This effective se of restricted narration lets us know how Bridget is feeling, which allows us to empathise with the character. In the final sequence, conventions are used creatively to generate tension for the viewer. Bridget is at Mark’s parents’ ruby wedding celebration, and a remark is made about Mark and Nicola. She is overcome by her feelings and makes a fool of herself, trying to hide her outburst. She leaves and the audience is in suspense, waiting for Mark’s response. The tension seems to be released when Mark comes back from America for Bridget. However, resolution is postponed by the drama of
Mark reading Bridget’s diary and her fears that it has offended him. Time is compressed in the film and the viewer is presented with a whole year of Bridget’s life, but the narrative highlights the events relevant to the romantic comedy storyline. This use of emotional issues and romantic confusions is typical of the romantic comedy genre. The narrative propels us towards the resolving final sequence in which misunderstandings are explained and confusions are clarified. The narrative structure of Bridget Jones’s Diary is almost circular. The chronology takes us from one winter to the next and allows for a condensed assage of time in which events directly relevant to Bridget can unfold. We see her engage with friends, meetings which serve to contribute to the discussions concerning relationships and allow her opportunity to explain her shifting romantic situations. Bridget exists in a state of equilibrium at the beginning of the film, not one that is characterised by safety.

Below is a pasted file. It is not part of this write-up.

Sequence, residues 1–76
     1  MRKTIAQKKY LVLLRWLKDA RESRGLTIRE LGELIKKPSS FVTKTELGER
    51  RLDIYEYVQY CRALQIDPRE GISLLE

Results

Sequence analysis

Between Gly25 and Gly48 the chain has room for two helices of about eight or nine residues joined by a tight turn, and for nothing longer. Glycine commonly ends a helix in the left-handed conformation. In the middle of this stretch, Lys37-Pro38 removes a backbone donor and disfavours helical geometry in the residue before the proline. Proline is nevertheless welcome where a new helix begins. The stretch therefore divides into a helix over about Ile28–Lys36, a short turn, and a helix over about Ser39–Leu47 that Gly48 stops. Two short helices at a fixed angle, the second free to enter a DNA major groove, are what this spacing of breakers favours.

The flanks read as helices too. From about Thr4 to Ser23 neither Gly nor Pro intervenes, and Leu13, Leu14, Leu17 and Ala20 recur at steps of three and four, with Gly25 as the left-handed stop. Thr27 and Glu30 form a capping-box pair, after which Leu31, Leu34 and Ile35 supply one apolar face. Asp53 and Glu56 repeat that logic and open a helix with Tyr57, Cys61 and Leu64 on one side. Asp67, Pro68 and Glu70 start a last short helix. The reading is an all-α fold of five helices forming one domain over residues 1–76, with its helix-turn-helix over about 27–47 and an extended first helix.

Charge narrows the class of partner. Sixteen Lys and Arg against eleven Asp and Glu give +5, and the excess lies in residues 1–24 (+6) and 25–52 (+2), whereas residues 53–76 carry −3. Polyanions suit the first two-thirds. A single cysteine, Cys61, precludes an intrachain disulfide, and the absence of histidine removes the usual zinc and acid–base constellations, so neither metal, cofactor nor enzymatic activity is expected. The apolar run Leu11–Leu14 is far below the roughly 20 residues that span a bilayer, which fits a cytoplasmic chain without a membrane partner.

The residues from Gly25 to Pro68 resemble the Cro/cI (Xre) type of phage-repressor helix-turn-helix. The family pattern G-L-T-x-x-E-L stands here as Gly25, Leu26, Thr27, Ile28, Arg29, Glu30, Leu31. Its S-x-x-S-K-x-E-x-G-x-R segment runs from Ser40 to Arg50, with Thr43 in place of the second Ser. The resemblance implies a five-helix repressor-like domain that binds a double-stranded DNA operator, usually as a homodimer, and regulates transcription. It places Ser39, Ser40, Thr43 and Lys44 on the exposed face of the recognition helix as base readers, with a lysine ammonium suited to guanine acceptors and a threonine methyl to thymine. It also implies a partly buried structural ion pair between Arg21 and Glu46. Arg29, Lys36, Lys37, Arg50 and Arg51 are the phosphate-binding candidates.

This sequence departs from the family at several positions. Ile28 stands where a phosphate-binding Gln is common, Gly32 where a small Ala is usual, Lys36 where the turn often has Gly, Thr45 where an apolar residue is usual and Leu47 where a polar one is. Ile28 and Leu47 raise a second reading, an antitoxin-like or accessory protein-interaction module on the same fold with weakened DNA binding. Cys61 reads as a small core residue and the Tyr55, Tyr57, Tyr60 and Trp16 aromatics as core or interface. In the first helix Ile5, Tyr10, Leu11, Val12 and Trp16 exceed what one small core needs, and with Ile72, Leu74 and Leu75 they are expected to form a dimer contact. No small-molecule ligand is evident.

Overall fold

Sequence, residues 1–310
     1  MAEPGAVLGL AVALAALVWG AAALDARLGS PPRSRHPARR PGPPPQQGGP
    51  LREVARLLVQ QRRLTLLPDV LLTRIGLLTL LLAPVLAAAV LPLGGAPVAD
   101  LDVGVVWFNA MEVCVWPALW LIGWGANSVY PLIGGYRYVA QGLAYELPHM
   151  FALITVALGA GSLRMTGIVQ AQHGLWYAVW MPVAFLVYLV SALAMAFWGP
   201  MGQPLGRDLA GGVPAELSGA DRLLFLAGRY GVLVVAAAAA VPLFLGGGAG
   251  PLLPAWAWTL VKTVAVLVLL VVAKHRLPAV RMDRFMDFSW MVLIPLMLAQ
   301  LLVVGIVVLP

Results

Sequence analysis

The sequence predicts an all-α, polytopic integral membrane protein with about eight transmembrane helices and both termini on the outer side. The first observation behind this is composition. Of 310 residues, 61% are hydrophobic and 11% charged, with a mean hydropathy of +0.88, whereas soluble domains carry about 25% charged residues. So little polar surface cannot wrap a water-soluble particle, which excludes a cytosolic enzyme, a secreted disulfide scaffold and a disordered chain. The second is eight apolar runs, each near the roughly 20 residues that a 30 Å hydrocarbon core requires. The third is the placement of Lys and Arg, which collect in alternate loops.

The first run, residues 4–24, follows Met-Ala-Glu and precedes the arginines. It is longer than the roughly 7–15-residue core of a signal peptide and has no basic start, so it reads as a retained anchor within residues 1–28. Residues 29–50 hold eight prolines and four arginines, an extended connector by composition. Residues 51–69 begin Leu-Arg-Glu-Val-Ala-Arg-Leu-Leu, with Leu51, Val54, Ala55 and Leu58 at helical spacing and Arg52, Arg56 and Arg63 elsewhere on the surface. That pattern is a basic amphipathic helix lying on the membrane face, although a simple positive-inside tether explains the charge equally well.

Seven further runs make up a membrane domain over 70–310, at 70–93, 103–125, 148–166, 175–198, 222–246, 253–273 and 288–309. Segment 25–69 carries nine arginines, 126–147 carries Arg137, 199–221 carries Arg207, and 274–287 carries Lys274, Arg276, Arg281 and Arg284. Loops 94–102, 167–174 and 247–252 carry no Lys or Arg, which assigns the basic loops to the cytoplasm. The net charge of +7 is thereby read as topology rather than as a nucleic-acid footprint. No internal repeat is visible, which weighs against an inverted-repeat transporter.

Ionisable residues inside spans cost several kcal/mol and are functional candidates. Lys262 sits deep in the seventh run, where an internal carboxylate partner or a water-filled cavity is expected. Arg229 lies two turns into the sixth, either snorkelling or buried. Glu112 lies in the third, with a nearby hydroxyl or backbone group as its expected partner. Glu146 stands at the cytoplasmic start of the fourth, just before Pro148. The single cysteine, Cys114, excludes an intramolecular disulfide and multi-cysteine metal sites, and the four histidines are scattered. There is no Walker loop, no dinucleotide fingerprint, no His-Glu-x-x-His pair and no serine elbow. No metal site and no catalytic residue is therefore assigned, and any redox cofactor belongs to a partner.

Her recognisable world is shattered by the untrustworthy Daniel, who represents a disruptive element, but is reordered by the reliable and caring Mark. A cause-and-effect model can be used to discuss how narrative works in this ilm. Bridget and Mark’s initial conversation at the beginning of the film acts to separate the characters through a series of misunderstandings. This is necessary within the romantic comedy genre, because it provides the first of the hurdles which must be overcome. We see the consequences of each of Bridget’s interactions with other characters and use our knowledge of romantic comedy conventions to predict that, although her life may be unfulfilled for a large portion of the narrative, happy resolution will come. Bridget Jones’s Diary is, therefore, typical of the romantic comedy genre.
It uses the conventions an audience expects from this genre to create narrative meaning and engage the audience in the creation of the protagonists’ relationship. Narrative conventions are used to reinforce our recognition of genre and edit Bridget’s life experiences so that we are presented with events that we see as relevant to the genre. As a reworking of Jane Austen’s novel Pride and Prejudice, Bridget Jones’s Diary is a modern-day comedy of manners. Elizabeth and Darcy have become Bridget and Mark, but modern audiences have the same desire: that the couple come together in the end.